Re­new­able En­ergy as Rec­on­cil­i­a­tion

Policy - - Contents - Guest Col­umn / El­iz­a­beth May

Canada faces ma­jor chal­lenges that, while ap­pear­ing sep­a­rate, may share a com­mon so­lu­tion. I would rate cli­mate change and rec­on­cil­i­a­tion be­tween In­dige­nous peo­ples and non-in­dige­nous as top and press­ing pri­or­i­ties. The po­ten­tial to find so­lu­tions to both through re­new­able en­ergy and in­dige­nous part­ner­ships is real. Across Canada, with lit­tle fan­fare, sig­nif­i­cant in­vest­ments are be­ing made in re­new­able en­ergy and clean tech by in­dige­nous com­mu­ni­ties.

Ac­cord­ing to a 2017 sur­vey con­ducted by Chris Hen­der­son for Lu­mos En­ergy, nearly one-fifth of the coun­try’s re­new­able en­ergy projects are be­ing led by or par­tially owned by In­dige­nous com­mu­ni­ties. Where in 2008, there were ap­prox­i­mately 20 such projects, in 2017 there were 152 medium to large re­new­able en­ergy projects with In­dige­nous in­volve­ment. A medium to large project pro­vides the elec­tric­ity for 400-500 homes. In ad­di­tion, there were 1,200 re­new­able projects with in­dige­nous in­volve­ment that gen­er­ated less. In the 2017 sur­vey, 63 per cent of the projects in­volved hy­dro­elec­tric power, 24 per cent were wind power and only 13 per cent so­lar and biomass.

Back in 2013 Chris Hen­der­son doc­u­mented the enor­mous po­ten­tial for in­dige­nous in­volve­ment in re­new­able en­ergy in his book, Abo­rig­i­nal Power: Clean En­ergy and the Fu­ture of Canada’s First Peo­ples. Since then, many new and larger projects have been launched.

While so­lar was a small com­po­nent even a year ago, the plung­ing price for photo-voltaic pan­els has con­trib­uted to a lot of newly in­stalled In­dige­nous so­lar ca­pac­ity. The two largest so­lar projects in Bri­tish Columbia are both owned and op­er­ated by First Na­tions. The largest was in­stalled in 2016 by the Nicola band, near Mer­ritt, and the sec­ond is the T’Sou-ke so­lar project on south­ern Van­cou­ver Is­land.

So­lar is also be­ing in­stalled by First Na­tions in Al­berta. The Lu­bi­con and now the four na­tions south of Ed­mon­ton col­lec­tively known as Maskwacis are ben­e­fit­ing from di­rect elec­tric­ity har­nessed from the sun’s en­ergy. The Maskwacis, with fi­nan­cial sup­port from the Al­berta gov­ern­ment, have in­stalled 750 so­lar pan­els on pub­lic build­ings.

Mean­while, the fed­eral gov­ern­ment has com­mit­ted up to $220 mil­lion over six years to as­sist re­mote in­dige­nous com­mu­ni­ties get off diesel and move to re­new­able en­ergy.

Here on Van­cou­ver Is­land, the tiny com­mu­nity of Hu­pacasath First Na­tion has achieved a strong mea­sure of ex­pe­ri­ence oth­ers can build on. Back in 2005, the Hu­pacasath First Na­tion took a 72 per cent own­er­ship po­si­tion in build­ing a run-of-the-river hy­dro­elec­tric dam on China Creek. It pro­vides more than enough elec­tric­ity for the com­mu­nity, as well as for 6,000 homes in Port Al­berni which has a 5 per cent share in the dam.

This ex­pe­ri­ence turned the Hu­pacasath chief at the time, Ju­dith Say­ers, into a pow­er­ful voice for in­dige­nous self-de­ter­mi­na­tion in har­ness­ing re­new­able en­ergy. It also led her to be a per­sis­tent critic of BC Hy­dro and its mega-project at Site C. Both megapro­jects—Muskrat Falls in New­found­land and Labrador and Site C in BC—have in com­mon vi­o­la­tion of in­dige­nous rights, de­struc­tion of crit­i­cal wildlife habi­tat to pro­duce un­nec­es­sary power at a price no one can af­ford.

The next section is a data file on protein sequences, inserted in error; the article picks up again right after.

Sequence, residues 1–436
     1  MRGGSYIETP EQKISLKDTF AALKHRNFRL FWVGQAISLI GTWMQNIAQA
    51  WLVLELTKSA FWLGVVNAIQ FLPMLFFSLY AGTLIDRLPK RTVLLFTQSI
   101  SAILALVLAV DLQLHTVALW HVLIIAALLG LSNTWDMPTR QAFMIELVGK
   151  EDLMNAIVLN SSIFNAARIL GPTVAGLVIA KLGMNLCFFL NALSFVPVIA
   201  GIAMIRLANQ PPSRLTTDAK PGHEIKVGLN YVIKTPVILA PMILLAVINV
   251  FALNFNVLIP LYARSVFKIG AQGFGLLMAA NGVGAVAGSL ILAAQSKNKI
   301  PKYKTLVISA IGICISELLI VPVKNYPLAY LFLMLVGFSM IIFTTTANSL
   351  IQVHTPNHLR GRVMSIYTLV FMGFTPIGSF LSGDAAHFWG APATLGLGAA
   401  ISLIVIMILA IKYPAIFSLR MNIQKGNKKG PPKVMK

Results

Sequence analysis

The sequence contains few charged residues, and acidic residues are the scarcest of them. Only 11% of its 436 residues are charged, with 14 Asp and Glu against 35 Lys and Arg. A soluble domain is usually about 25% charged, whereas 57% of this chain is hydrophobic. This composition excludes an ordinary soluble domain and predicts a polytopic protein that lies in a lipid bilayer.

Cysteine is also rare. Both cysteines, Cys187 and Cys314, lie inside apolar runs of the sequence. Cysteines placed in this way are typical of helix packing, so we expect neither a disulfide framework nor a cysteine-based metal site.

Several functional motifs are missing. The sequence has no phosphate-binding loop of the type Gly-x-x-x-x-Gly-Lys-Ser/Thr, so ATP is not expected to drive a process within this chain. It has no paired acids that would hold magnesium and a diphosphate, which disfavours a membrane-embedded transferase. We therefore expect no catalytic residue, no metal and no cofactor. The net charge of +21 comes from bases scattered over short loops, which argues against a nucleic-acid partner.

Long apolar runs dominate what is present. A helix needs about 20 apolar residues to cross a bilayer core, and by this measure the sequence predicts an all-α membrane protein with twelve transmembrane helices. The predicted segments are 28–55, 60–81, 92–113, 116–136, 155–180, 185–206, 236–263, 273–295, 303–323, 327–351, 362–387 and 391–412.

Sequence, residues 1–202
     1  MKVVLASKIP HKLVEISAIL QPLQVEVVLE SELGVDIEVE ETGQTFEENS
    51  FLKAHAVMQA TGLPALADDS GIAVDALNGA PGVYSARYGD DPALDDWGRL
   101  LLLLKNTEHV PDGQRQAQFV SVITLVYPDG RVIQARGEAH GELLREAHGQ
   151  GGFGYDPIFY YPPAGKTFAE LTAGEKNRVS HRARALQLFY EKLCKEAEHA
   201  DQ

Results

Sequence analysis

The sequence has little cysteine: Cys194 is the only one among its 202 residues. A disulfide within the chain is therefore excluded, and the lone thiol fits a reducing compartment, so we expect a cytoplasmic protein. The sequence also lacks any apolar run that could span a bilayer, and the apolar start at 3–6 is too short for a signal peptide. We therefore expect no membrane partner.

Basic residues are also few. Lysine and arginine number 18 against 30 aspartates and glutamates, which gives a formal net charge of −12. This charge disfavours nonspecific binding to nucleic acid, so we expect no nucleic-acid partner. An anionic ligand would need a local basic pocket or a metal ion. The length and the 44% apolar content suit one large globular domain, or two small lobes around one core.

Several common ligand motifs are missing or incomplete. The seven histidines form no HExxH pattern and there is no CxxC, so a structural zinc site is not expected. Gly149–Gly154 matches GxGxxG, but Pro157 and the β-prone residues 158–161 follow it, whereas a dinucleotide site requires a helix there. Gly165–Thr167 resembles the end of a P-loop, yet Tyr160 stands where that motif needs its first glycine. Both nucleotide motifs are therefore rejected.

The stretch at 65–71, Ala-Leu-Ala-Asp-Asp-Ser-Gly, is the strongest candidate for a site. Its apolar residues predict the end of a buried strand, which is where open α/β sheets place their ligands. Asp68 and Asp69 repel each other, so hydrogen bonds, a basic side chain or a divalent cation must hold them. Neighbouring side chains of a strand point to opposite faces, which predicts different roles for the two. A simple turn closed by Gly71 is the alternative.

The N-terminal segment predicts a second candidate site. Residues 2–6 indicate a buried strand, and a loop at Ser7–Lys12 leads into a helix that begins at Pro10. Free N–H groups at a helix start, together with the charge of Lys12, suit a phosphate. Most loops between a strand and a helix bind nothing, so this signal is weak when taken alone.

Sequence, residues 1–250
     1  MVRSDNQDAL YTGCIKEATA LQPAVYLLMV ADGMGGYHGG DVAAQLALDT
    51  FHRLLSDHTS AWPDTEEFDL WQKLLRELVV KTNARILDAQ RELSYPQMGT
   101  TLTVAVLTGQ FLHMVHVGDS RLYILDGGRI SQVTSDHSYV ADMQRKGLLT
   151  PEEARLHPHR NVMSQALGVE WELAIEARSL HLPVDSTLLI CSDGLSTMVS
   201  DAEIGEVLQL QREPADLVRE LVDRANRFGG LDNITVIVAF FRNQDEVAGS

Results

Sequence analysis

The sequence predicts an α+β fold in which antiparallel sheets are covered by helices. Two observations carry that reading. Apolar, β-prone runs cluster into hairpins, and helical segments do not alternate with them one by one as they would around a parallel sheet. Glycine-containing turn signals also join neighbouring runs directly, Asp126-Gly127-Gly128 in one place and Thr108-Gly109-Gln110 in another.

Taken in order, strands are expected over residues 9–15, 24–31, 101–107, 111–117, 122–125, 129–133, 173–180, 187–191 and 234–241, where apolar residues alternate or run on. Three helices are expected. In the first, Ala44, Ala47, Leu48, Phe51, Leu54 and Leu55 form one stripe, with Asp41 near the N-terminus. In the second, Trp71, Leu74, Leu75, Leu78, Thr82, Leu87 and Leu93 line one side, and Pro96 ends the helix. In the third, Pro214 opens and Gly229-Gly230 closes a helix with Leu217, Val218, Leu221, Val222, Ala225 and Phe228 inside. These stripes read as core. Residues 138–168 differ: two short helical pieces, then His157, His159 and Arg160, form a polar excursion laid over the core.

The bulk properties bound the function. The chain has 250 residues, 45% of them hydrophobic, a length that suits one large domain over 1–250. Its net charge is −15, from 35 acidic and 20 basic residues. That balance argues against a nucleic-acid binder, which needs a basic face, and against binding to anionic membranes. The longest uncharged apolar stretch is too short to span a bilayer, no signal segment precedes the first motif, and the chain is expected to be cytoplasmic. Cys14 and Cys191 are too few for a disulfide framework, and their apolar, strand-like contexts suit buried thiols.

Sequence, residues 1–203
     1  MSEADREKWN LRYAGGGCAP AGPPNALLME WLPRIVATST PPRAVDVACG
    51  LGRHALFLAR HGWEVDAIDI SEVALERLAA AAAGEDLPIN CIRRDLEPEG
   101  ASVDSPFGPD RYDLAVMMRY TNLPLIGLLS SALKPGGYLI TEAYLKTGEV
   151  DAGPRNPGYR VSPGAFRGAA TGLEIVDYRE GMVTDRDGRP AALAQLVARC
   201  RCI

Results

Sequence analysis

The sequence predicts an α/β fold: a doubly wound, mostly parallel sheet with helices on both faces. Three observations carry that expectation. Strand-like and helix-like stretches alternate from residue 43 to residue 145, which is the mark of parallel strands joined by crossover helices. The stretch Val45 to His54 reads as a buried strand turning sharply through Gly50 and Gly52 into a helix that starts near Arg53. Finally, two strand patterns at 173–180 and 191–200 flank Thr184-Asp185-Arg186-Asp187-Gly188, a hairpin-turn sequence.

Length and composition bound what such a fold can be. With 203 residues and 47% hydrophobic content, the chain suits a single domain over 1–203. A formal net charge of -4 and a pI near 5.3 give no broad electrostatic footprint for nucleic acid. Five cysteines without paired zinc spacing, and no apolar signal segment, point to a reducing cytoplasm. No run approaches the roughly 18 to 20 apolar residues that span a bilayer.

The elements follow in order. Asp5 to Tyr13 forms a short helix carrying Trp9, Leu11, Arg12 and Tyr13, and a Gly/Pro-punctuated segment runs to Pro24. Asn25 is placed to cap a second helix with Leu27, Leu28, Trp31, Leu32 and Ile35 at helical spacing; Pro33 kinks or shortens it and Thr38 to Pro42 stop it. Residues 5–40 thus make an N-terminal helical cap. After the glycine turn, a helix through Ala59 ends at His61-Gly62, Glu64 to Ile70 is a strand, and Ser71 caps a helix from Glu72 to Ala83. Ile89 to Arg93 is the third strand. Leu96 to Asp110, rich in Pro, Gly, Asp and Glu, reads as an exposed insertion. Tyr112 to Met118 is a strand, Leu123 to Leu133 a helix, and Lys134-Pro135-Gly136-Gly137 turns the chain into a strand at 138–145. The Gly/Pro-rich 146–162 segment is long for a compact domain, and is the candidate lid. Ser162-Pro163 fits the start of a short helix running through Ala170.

So much more could have been ac­com­plished for re­new­able en­ergy and re­spect for in­dige­nous rights if Site C had been turned down. In my rid­ing, a wind en­ergy com­pany, Ae­o­lis Wind, had al­ready de­vel­oped agree­ments with the Treaty 8 na­tions in the Peace River area for a mas­sive wind farm project. It would have taken ad­van­tage of the steady and strong winds, not in­ter­fered with tra­di­tional in­dige­nous sites nor flooded out thou­sands of hectares of prime agri­cul­tural land. It would have con­nected to the strong grid al­ready in ex­is­tence for the Ben­net dam. The BC Pub­lic Util­i­ties Com­mis­sion found re­new­ables to be cost ef­fec­tive com­pared with the megadam at Site C. Mean­while, Ae­o­lis had built in to the wind en­ergy plan a mas­sive bat­tery for stor­age of wind power to be kept on hand when the wind isn’t blow­ing.

Across Canada, there is tremen­dous po­ten­tial to en­gage in­dige­nous com­mu­ni­ties living near aban­doned mine or gravel pits to be used as reser­voirs. Es­sen­tially aban­doned mine sites at el­e­va­tion can be­come stor­age bat­ter­ies for re­new­ables.

Fully en­gag­ing in­dige­nous com­mu­ni­ties—cou­pled with mod­ern­iz­ing and en­hanc­ing the east-west elec­tric­ity grid to de­liver green en­ergy to prov­inces de­pen­dent on fos­sil fu­els, could mas­sively ac­cel­er­ate the de­car­boniza­tion of our elec­tric­ity sec­tor, while de­liv­er­ing on mean­ing­ful rec­on­cil­i­a­tion. It is time to take this po­ten­tial se­ri­ously.

El­iz­a­beth May, Leader of the Green Party of Canada, is the MP for Saanich-Gulf Is­lands.

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